Thanks for these hotkeys Kyle, they are awesome! Something I have realized is that when a symbol is restricted by IB to not allow using margin (like shown in the screen shot where it says long margin rate is 100% - that means you cannot use margin), then DAS trader calculates my buying power as only my cash balance because for that symbol, that's all it truly is, I don't get margin. Then when I use the dynamic hot key to risk a % of my balance, I end up only getting 1/4th of the amount of shares I would expect. I spent the better portion of today digesting the code in the dynamic hotkeys to try to figure out what's happening and I finally get it! (It was quite an achievement LOL!) I just don't know how to fix my problem here. Actually, I think it probably cannot be fixed, but before I give up, I wanted to pose the question to the community and see if there is something I am missing or if somebody might be able to come up with a very creative solution which I have not thought of yet.
So the script compares the total amount of shares you can afford based on buying power to the total shares you can buy based on your selected stop price and how much you want to risk losing if the trade goes against you, then sends a buy order to market for the lesser of these two amount of shares (genius script Kyle! Took me a whole day's effort just to understand it LOL!). The problem I am having is when DAS sees my buying power as $30K instead of $120K because of the limitation as shown in the screen shot attached (IB does not allow margin, only cash on certain symbols on certain days), then the first part of the equation (shares based on BP) calculates fine, but the second part (amount based on desired risk level) gets incorrectly limited to 1/4th of what it should be and the shares that get sent is this lower amount. This is because of the part of the equation where it says, "Share=DefShare*0.25*Price*0.01" (assuming I want to risk 1% of my portfolio balance), comes up with a much lower number than it should since DefShare was just set to "BP*.97" in the previous line of code and now it's being divided in a quarter again and in this instance BP was only $30K (normally it is $120K) which was equal to my cash balance, not my cash balance times 4. In essence, in this particular scenario, the script should not multiply DefShare*0.25, that is where it goes wrong and this is why I end up only buying 1/4 of the amount of shares I should have gotten. But in all other normal cases, i.e. when margin is allowed by IB, it has to multiply DefShare*0.25 or you would be getting 4x the amount you want, which would be really bad.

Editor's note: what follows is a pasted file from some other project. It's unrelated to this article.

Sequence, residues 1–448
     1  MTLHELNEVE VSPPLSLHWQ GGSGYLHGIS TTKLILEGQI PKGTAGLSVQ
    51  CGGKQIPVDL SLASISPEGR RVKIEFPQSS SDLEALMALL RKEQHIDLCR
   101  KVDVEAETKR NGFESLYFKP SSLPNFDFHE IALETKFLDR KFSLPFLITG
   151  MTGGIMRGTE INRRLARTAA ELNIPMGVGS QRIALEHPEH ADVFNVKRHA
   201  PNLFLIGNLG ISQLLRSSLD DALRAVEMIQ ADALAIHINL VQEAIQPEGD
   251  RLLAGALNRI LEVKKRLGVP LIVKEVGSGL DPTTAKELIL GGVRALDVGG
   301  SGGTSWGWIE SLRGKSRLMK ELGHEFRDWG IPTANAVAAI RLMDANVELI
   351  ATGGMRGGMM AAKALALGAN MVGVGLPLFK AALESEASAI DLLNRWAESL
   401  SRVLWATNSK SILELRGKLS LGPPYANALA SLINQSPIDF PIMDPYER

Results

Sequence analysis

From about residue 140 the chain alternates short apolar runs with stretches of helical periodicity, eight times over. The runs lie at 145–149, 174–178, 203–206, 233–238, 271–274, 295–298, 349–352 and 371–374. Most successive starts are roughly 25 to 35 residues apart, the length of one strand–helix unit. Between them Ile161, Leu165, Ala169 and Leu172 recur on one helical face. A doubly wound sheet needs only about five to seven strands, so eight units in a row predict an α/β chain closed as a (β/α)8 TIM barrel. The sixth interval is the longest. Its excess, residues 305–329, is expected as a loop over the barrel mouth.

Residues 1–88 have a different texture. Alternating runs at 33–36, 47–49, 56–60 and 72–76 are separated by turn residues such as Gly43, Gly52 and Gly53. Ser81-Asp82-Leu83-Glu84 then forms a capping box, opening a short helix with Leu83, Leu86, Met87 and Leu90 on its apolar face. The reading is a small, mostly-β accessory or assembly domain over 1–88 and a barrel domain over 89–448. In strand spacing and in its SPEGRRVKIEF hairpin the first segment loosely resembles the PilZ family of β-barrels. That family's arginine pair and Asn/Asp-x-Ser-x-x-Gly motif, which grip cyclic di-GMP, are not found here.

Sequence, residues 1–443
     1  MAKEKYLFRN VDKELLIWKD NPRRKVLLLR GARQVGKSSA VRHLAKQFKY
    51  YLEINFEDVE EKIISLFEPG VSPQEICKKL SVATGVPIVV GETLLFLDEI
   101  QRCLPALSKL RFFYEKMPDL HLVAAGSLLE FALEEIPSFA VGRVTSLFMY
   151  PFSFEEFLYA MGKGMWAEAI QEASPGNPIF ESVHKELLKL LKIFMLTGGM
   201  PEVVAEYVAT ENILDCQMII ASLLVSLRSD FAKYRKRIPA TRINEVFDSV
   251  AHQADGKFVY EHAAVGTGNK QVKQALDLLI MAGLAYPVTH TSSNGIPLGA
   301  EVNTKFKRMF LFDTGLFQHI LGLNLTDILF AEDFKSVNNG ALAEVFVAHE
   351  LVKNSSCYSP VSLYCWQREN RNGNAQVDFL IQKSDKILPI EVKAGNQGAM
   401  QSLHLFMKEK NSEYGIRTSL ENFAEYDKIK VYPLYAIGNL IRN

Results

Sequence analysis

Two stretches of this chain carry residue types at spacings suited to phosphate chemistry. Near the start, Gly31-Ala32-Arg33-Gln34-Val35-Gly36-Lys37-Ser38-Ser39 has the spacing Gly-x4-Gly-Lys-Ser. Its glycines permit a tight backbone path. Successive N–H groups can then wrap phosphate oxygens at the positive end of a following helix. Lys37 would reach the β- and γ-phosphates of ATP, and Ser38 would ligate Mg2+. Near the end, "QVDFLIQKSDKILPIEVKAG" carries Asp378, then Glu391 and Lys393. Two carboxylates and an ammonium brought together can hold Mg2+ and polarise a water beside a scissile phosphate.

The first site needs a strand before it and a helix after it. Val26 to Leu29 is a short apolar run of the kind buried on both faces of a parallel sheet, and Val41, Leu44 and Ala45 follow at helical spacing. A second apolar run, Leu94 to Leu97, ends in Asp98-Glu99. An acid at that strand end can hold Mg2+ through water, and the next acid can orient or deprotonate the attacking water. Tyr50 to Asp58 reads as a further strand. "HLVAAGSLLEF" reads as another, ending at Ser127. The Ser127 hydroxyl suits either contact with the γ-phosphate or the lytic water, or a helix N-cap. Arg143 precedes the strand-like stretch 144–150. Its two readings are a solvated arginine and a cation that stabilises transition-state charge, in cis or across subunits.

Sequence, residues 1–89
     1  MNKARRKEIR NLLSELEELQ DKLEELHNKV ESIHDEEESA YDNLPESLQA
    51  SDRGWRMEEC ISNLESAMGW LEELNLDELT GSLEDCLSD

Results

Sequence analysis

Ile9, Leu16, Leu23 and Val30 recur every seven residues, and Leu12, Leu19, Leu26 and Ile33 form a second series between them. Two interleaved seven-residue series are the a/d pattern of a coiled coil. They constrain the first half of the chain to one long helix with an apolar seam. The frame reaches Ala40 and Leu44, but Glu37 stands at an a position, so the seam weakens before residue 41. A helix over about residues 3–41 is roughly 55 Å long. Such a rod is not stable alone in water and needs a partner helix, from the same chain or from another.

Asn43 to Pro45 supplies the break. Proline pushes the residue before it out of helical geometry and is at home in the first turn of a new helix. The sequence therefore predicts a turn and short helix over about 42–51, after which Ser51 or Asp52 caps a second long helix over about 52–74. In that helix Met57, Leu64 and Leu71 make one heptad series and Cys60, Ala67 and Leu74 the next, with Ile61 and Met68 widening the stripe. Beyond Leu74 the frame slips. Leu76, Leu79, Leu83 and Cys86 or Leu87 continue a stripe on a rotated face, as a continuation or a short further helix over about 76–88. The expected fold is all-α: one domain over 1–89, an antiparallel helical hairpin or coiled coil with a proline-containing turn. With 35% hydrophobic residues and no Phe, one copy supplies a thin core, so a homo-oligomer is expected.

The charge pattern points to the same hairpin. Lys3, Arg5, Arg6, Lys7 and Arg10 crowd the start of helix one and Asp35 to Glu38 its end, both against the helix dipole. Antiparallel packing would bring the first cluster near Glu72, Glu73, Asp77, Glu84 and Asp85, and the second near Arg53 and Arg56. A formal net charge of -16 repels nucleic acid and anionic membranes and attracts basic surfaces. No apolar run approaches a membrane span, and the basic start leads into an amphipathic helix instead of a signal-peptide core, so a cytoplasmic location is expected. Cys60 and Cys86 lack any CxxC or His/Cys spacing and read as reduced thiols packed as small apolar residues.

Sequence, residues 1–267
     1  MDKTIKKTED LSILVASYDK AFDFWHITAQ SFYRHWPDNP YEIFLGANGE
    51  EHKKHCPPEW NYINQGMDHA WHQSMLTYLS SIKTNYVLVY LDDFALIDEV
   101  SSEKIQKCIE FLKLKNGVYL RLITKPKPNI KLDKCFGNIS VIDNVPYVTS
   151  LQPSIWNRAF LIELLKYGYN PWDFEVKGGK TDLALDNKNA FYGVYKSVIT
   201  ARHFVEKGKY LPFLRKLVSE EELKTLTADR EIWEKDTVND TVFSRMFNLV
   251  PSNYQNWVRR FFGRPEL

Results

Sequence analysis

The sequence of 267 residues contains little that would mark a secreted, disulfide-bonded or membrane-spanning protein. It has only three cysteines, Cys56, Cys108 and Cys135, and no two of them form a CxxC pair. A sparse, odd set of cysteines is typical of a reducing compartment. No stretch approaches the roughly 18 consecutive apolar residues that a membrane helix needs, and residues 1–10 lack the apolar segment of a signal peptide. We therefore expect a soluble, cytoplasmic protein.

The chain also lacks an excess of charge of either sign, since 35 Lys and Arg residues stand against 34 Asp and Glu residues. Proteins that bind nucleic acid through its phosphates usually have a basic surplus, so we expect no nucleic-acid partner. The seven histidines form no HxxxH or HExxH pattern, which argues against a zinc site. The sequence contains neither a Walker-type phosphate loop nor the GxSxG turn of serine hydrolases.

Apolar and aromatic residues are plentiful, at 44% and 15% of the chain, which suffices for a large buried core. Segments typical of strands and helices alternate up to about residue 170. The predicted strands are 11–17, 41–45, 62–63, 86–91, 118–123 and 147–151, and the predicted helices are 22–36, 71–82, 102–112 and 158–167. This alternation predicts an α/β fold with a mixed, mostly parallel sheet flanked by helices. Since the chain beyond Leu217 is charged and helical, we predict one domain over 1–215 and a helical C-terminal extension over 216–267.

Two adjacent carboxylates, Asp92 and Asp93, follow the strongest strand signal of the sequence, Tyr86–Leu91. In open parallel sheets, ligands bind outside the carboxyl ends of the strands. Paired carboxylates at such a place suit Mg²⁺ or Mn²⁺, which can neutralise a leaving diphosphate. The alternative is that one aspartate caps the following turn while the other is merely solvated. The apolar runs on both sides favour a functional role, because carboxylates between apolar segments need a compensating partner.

I do not think there is a way to fix this automatically. I think the only options are to either have two sets of hotkeys, one where it doesn't cut DefShare in 1/4 and another where it does. Then I would just have to be sure and use the right set of hotkeys depending on if margin is allowed or not. Or, the other alternative would be to not use the % of risk hotkey at all, but rather go to the fixed dollar risk hotkey and just update the amounts to manually calculate the % of my portfolio balance as my account balance changes.
Is there any other way around this that I might be missing? Is there a way to continue using the % of risk hotkey and somehow have it not cut my shares in 1/4 size when the symbol is limited to cash only but I still have enough buying power?
To be clear, I am not talking about a situation where I do not have enough buying power. Let me put some numbers to this to illustrate:
I want to risk 1% of my portfolio balance when buying a stock that is selling for $20 with a stop loss of $19.80, with all the cushions and what not in place, that would get me 1,372 shares which would cost $27,437, so I have enough cash to buy it. But the hotkey only gets me 1/4 of 1,372 shares, or 343 because of the equation "Share=DefShare*0.25*Price*0.01" which in this instance = $72. $72 is then used as the risk based loss (instead of 4x that amount which would be $288) and at a loss of $0.21/share I can only buy 343 shares in order to lose $72. It then compares the calculated 343 shares to the max shares I can afford, which would be 1,455 and sends the lesser of the two, 343 shares when what I really wanted to buy was 1,372 shares which would have risked $288 (0.21 X 1,372 = 288).